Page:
If the user’s data is removed from the Web Portal host, the data is not lost, because the Space data is still stored and maintained by the Hosting Server. The only inconvenience for the user is that Spaces will have to be “re-entered” the next time the user logs in to the Web Portal.
Another volume will be needed by docker to store the container images and running instances. An overview can be found here:
The recommended storage configuration for production use is using the direct-lvm (logical volume manager) as the preferred storage driver. Configure the volume as described in this instruction after installing and before starting docker the first time:
The bandwidth of the Web Portal’s network interface plays a vital role in defining the overall performance and responsiveness of the service.
When a user enters a Space, the meta data of the Space will be downloaded to the Web Portal. The speed of this operation will be effected by the speed of inbound connections.
When a user accesses a file in a Space, the file is first downloaded to the Web Portal disk cache for the user, where it is decrypted. The decrypted file is then transferred to the user’s device. As a result, the amount of inbound traffic is at least as high as the outgoing traffic.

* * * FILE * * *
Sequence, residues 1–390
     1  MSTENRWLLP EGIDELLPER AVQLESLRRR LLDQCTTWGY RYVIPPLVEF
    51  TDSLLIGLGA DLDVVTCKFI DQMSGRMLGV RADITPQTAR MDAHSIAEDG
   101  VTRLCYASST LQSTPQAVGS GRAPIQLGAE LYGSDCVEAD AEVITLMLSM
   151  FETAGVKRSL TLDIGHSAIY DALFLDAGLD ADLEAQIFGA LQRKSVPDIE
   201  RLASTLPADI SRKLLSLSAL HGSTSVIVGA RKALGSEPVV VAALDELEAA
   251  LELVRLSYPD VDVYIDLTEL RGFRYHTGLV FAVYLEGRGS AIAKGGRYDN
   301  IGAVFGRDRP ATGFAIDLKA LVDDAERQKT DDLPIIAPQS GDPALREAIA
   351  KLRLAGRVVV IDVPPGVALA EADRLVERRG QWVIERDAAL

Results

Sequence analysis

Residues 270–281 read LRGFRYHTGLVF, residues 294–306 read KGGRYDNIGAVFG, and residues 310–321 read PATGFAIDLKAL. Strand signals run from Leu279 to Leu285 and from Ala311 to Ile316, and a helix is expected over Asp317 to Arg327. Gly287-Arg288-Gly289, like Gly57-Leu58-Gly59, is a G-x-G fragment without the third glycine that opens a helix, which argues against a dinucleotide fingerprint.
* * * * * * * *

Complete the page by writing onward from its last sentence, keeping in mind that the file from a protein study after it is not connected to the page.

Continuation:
The system must have IP connectivity, using a fixed IP address and a resolvable fully qualified domain name. This host name is basically the URL that users will use to access the Web Portal. The Web Portal itself needs to be able to properly resolve host names, too.
If the Web Portal is located behind a firewall, please ensure that it is reachable via HTTPS (TCP port 443) by a web browser.
During operation the Web Portal will need to make API calls to an associated TeamDrive Registration Server. For this purpose the Web Portal must be able to establish outgoing HTTPS connections to the Registration Server.
It is possible to use an TeamDrive Authentication Service for the TeamDrive users of the Web Portal, or an external authentication for the administrators of the Web Portal. In this case, the Web Portal must be able to establish HTTP or HTTPS connections (depending on the configuration) with the host running the authentication service.